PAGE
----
"Knowing that Africa's market is going to grow, having closer and more dynamic relations with the region is very important"
On the back of recent economic success, Africa's external relationships are being recast - away from an over-reliance on development assistance, towards a focus on trade and investment.
With the likes of China rapidly scaling up their trade with the continent, more established partners are re-assessing their relationships. Confronted with austerity at home, and anxious about "losing" Africa to emerging economies, commerce is replacing aid as the primary lens through which the continent is viewed.
Japan, which has just slipped into recession, is no exception. Historically, the donor's principal vehicle for engagement is the Japanese International Cooperation Agency. With Japan's overseas development assistance competing for priority with domestic needs in the wake of last year's tsunami, some fear it may follow Europe, where many countries are reining in aid budgets.
While conceding that "there are difficulties in increasing our ODA budget substantially", Masato Watanabe, vice president at Jica, is adamant that commitments to development assistance will be maintained, adding that "if you look at our commitment and disbursement to Africa for the last few years, there is certainly an increase".
Despite this, commerce looks set to play a more prominent role. Investment from Japanese companies has grown in recent years, and is hoped to double to $3.4bn by the end of 2012 from 2008 levels. Trade has also increased, standing at about $25bn in 2010.
These numbers pale in comparison to competitors such as China, but mark an important shift in emphasis. To remain competitive on the continent, Mr Watanabe believes a stronger focus on investment will be necessary.
"Knowing that Africa's market is going to grow, having closer and more dynamic relations with the region is very important. Resources from the public sector will not suffice. We need more involvement from the private sector. We need some kind of new thinking [about] how to attract more private financing, using ODA as leverage."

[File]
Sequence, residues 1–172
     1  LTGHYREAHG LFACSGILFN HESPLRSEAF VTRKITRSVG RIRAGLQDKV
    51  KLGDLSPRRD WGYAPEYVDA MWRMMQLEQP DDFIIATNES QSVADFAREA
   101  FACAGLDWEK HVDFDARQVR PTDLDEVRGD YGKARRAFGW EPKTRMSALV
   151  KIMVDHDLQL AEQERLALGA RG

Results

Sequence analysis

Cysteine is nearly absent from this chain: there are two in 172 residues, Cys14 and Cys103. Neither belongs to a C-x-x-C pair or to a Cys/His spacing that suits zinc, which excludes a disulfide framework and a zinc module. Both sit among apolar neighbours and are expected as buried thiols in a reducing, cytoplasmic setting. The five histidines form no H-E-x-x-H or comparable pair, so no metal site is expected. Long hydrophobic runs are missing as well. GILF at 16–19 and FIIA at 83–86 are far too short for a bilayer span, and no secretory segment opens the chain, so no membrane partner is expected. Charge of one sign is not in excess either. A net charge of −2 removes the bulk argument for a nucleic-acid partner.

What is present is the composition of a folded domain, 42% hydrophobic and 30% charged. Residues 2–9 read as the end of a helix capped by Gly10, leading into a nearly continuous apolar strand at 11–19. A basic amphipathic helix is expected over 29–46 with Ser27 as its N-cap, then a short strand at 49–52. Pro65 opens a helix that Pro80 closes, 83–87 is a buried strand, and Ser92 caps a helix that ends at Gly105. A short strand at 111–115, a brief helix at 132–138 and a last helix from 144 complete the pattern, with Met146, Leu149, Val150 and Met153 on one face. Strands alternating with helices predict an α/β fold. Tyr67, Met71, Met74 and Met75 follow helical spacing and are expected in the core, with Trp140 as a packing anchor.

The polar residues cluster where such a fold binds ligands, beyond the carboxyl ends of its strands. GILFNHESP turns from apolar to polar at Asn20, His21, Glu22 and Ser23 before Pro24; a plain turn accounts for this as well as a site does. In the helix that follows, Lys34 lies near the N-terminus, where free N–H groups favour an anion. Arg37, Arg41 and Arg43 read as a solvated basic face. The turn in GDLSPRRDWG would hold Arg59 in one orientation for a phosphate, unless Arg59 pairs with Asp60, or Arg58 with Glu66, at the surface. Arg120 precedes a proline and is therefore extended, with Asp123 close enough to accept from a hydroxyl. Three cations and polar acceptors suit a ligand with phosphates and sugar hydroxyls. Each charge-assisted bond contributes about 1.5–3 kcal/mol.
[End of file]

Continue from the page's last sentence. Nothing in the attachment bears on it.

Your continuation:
The notion of using public money to "crowd-in" the private sector has become popular amongst donors in recent years, and is likely to feature heavily at next year's Tokyo International Conference on African Development. Ticad, first held in 1993, is the flagship partnership platform for Japan's engagement with Africa.
"Of course there are other pillars, but certainly this partnership with the private sector is going to be one of the most important ones," says Mr Watanabe.
Infrastructure, which has been the core of Jica's work in Africa for decades, will again dominate the agenda, but energy is likely to feature more heavily than during previous Ticad meetings, Mr Watanabe anticipates.
"In order to maintain growth you certainly need power. If you have power shortages you cannot expect countries or regions to be lifted in growth," he says.
The emphasis may have as much to do with Japan's energy security as with the need to scale up generation on the continent. Having switched off most of its nuclear power plants in the wake of the Fukushima disaster, Japan is keen to diversify its sources of energy imports.
LNG imports from Africa, for example, have shot up. At 7.6m tonnes for the first 10 months of 2012, they are up 140 percent on the previous year, with the private sector playing a role. Mitsui & Co, one of Japan's largest trading companies, is involved in a large LNG project in Mozambique. Such examples may be representative of the contours Japan's development and trade policies in the region could take on in the coming years.
Mr Watanabe has no doubt that ties between the two will grow. "As far as our commitment to African countries are concerned, that will certainly be continued and I hope it will be strengthened," he says.